2. ^ Michael Walzer, On Toleration, (New Haven: Yale University Press 1997) ISBN 0-300-07600-2
  3. ^ [1]
  4. ^ Interview with E. J. Dionne

Sources and external links[edit]

Original courtesy of Wikipedia: http://en.wikipedia.org/wiki/Michael_Walzer — Please support Wikipedia.
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151448 videos foundNext > 

Michael Walzer on Just War Theory

No government will send young men into battle to kill and be killed without offering some justification for what they are doing, Walzer says.

Michael Walzer: The Free Market and Morality

http://bit.ly/ipdlbb - The Princeton professor answers the Big Question "Does the free market corrode moral character?" http://www.templeton.org/market.

Michael Walzer on Just War in Iraq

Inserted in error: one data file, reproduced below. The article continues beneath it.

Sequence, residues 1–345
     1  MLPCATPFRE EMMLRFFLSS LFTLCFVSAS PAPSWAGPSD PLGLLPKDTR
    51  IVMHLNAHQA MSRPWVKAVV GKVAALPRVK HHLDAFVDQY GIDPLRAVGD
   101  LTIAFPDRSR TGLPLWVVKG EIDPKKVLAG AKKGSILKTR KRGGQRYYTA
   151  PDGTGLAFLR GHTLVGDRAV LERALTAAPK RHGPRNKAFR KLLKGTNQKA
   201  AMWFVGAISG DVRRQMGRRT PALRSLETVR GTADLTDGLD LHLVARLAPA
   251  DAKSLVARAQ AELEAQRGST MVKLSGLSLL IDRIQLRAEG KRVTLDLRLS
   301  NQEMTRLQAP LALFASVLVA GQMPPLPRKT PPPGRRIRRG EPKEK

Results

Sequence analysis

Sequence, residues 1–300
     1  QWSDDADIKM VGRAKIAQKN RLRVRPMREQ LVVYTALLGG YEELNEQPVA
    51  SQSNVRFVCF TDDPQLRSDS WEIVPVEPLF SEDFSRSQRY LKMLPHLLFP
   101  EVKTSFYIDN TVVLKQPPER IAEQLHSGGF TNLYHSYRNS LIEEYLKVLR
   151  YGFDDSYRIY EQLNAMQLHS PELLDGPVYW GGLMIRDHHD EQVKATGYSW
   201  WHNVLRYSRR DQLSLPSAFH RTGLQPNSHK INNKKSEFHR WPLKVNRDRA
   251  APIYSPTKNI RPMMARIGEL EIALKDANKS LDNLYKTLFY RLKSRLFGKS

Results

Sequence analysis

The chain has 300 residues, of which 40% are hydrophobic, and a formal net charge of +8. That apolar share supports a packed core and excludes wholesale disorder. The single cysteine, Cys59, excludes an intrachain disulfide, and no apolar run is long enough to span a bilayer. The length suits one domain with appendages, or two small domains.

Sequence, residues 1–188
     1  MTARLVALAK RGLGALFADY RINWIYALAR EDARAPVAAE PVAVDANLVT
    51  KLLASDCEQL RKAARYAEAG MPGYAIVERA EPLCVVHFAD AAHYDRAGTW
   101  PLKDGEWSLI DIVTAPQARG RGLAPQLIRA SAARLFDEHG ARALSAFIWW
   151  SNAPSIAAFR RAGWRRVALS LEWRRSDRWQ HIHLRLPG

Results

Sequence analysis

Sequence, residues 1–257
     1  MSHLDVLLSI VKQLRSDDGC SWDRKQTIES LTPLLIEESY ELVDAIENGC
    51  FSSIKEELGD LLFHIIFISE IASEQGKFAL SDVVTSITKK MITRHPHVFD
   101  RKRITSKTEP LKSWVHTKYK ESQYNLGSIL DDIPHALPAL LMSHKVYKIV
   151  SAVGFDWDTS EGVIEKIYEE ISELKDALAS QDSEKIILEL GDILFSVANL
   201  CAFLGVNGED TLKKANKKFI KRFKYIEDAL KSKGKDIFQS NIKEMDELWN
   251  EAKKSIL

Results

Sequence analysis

Should citizens feel guilty for not joining the army to end the Iraq war? Question: Was going to war with Iraq necessary or just?Transcript:I thought it wasn...

A Conversation with Michael Walzer

Michael Walzer, Professor Emeritus of Social Sciences at the Institute for Advanced Study (IAS), talks about his life and career with Nancy Rosenblum, Profes...

What Is Just War Theory, Michael Walzer, Feb. 21, 2013

For the entire collection of Westmont College's lectures, chapels and events, go to http://itunes.apple.com/us/institution/westmont-college/id394017358.

Michael Walzer on Just War and Humanitarian Intervention

Someone has to intervene in Darfur, Michael Walzer says; not necessarily the U.S. Michael Walzer: Yes, I think, I think Darfur is the obvious place, and what...

Michael Walzer - Ein streitbarer, amerikanicher Philosoph